Economic Impact of COVID-19 on PEPFAR Countries
- The toll the COVID-19 pandemic has exacted on the global economy has been significant, with the International Monetary Fund (IMF) estimating that median global GDP dropped by 3.9% from 2019 to 2020, making it the worst economic downturn since the Great Depression. While the global economy was estimated to have recovered in 2021, recovery has been uneven and disparities in vaccine access and coverage could threaten improvement in much of the world.
- Among other priorities, the White House’s U.S. COVID-19 Global Response and Recovery Framework seeks to bolster the economies of countries that have suffered due to the pandemic. This will be especially important in countries where the U.S. has major investments in other health areas, such as PEPFAR, the U.S. global HIV program. The economic impacts of COVID-19 on the HIV response could be as consequential as the direct health impacts, and as such, may significantly affect U.S. efforts in these countries. To inform such efforts, we examined the current and projected economic impact of COVID-19 in 53 PEPFAR countries.
- Overall, we find that in the majority of PEPFAR countries, GDP fell in 2020, the year the pandemic emerged, compared to 2019. In 11 countries, the contraction was greater than 10%. While PEPFAR countries experienced less of a median GDP drop than the global economy overall in 2020 (1.9% compared to 3.9%), they generally fared worse than their economic and regional peers.
- While the global economy was estimated to have recovered in 2021, this was not the case in PEPFAR countries. While almost all PEPFAR countries were estimated to have experienced some GDP growth in 2021, the projected growth, at least through 2024, remains below pre-pandemic projections (10-13% below). By contrast, the current projections of global GDP exceed the pre-pandemic projections. In addition, the challenges facing the global economy are likely to continue, particularly in low and middle-income countries, as the strong rebound in 2021 is expected to decelerate in 2022.
- Finally, there is significant uncertainty facing economic recovery in PEPFAR countries, which will be highly dependent on the future course of the COVID-19 pandemic, economic relief efforts, and vaccine roll-out. Currently, in 30 of the 53 PEPFAR countries, less than a third of the population has received at least one vaccine dose and only 10 are on track to meet global COVID-19 vaccine targets this year.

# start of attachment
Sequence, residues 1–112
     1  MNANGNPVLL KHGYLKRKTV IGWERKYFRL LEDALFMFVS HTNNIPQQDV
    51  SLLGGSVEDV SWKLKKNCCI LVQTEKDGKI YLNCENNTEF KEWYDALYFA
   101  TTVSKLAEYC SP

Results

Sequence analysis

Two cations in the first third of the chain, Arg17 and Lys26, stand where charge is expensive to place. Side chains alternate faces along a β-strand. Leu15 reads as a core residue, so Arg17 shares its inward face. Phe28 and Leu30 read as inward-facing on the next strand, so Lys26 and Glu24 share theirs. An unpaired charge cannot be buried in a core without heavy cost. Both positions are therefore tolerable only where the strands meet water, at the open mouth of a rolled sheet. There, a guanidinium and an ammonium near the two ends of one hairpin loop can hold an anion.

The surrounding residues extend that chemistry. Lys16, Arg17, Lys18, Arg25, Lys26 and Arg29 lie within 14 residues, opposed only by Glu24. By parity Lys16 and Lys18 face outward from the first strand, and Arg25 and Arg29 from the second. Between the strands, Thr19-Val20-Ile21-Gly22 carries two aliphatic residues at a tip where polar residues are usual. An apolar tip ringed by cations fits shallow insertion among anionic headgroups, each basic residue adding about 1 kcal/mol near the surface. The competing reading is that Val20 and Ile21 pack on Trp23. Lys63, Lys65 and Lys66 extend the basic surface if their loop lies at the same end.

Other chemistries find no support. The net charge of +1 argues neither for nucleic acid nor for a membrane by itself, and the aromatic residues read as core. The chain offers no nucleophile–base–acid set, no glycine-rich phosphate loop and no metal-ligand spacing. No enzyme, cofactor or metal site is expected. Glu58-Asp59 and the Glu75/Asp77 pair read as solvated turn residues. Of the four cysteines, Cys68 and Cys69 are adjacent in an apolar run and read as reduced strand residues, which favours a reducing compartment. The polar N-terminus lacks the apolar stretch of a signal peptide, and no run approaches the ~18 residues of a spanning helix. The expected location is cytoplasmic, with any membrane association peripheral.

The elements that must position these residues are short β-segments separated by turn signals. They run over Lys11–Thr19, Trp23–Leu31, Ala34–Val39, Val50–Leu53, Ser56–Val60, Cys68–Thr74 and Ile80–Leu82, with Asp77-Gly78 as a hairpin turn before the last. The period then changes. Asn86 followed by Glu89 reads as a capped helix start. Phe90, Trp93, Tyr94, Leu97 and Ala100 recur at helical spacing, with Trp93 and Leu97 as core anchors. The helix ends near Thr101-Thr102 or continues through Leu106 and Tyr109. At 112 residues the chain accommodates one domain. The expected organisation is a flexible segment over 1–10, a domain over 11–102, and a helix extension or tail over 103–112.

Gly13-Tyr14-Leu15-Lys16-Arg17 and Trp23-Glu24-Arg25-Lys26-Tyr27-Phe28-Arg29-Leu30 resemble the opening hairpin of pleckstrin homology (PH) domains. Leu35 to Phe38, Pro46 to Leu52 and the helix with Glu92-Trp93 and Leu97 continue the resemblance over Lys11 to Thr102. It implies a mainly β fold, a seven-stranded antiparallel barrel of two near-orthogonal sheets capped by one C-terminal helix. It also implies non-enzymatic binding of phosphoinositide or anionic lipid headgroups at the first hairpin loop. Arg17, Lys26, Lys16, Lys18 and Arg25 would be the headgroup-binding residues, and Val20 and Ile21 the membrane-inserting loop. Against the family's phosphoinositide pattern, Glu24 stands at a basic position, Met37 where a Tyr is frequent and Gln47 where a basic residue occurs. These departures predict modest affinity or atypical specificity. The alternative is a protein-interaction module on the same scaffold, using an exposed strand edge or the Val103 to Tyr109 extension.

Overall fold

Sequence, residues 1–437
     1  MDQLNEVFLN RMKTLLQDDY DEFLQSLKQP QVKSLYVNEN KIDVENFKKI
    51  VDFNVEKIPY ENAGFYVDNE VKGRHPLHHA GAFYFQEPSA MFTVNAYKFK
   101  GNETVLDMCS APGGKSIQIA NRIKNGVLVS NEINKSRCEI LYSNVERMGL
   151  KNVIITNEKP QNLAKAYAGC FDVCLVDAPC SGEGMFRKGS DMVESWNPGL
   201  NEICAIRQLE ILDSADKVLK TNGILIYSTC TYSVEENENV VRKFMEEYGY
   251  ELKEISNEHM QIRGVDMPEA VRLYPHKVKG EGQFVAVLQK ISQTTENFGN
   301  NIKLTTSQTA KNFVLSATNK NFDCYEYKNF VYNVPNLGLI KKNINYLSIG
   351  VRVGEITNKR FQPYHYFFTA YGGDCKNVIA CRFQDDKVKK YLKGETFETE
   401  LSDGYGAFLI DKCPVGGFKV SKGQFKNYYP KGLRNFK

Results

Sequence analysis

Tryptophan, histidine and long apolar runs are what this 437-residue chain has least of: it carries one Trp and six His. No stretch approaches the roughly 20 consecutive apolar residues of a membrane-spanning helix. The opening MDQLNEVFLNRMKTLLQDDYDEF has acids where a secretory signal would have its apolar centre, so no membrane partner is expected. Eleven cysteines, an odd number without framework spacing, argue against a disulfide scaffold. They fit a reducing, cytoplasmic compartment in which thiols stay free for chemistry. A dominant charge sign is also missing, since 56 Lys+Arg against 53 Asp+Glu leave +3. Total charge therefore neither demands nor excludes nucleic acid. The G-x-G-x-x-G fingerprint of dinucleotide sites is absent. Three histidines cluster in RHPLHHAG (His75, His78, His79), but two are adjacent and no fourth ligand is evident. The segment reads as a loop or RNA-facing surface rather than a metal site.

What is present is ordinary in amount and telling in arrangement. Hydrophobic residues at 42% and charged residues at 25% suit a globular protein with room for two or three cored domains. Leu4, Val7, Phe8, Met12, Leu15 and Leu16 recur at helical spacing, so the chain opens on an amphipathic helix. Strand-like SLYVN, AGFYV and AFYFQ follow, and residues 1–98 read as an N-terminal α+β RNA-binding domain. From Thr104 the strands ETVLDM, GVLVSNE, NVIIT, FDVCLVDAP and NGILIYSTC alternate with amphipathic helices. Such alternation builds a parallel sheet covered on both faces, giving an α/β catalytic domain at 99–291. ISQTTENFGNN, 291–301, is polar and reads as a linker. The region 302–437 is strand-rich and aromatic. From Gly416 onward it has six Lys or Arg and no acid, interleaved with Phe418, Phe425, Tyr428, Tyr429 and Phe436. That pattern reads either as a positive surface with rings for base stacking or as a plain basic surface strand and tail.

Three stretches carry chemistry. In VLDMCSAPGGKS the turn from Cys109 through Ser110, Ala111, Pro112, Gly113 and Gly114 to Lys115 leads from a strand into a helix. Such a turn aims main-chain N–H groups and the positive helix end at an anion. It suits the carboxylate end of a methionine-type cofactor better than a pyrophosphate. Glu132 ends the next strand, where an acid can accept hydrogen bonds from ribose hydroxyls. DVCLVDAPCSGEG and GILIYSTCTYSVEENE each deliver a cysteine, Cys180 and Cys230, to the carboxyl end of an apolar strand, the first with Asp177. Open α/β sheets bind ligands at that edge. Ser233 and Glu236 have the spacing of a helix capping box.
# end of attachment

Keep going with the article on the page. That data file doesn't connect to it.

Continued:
The toll the COVID-19 pandemic has exacted on the global economy has been significant, with the International Monetary Fund (IMF) estimating that global median GDP dropped by 3.9% from 2019 to 2020, making it the worst downturn since the Great Depression. Last year, in 2021, as countries started to reopen and vaccines became available, the global economy was estimated to grow, though still below pre-pandemic projections, and recovery has been uneven across countries and regions. In addition, the IMF has warned that vaccine access is the economic recovery “fault line”, as some countries look to resume normal activity and others continue to face new waves of infections and rising deaths. Indeed, vaccine coverage in low-income countries is well below all others and, at current rates, many are unlikely to reach global vaccine targets.
The White House U.S. COVID-19 Global Response and Recovery Framework includes an objective to “bolster economies and other critical systems under stress due to COVID-19 to prevent backsliding and enable recovery.” This will be especially important in countries where the U.S. has major investments in other health areas, such as PEPFAR, the U.S. global HIV/AIDS program. Because HIV is also an infectious disease, but one without a vaccine or cure, the economic impacts of COVID-19 on the HIV response could be as consequential as and exacerbate the direct health impacts.
This brief examines the current and projected economic impact of COVID-19 in PEPFAR countries. We used data from the International Monetary Fund’s (IMF) World Economic Outlook (WEO),1 on GDP and GDP growth projections2 for 53 countries3 that were required by PEPFAR to submit a Country Operational Plan or Regional Operational Plan (COP/ROP) in FY 2020.4 We also compared the IMF’s WEO pre-pandemic and current data projections to better understand the estimated economic impact. Pre-pandemic projections were taken from the October 2019 WEO database, and current data projections were taken from the October 2021 WEO database. The appendix contains WEO 2019-2021 GDP growth data, as of October 2021 for all 53 PEPFAR countries as well as the world median aggregate.
Economic Impact of COVID-19 in 2020
Almost all PEPFAR countries experienced GDP contractions in 2020 compared to 2019, and many fared worse than their economic and regional peers. Still, as a group, PEPFAR countries experienced less of a contraction than the global economy in 2020.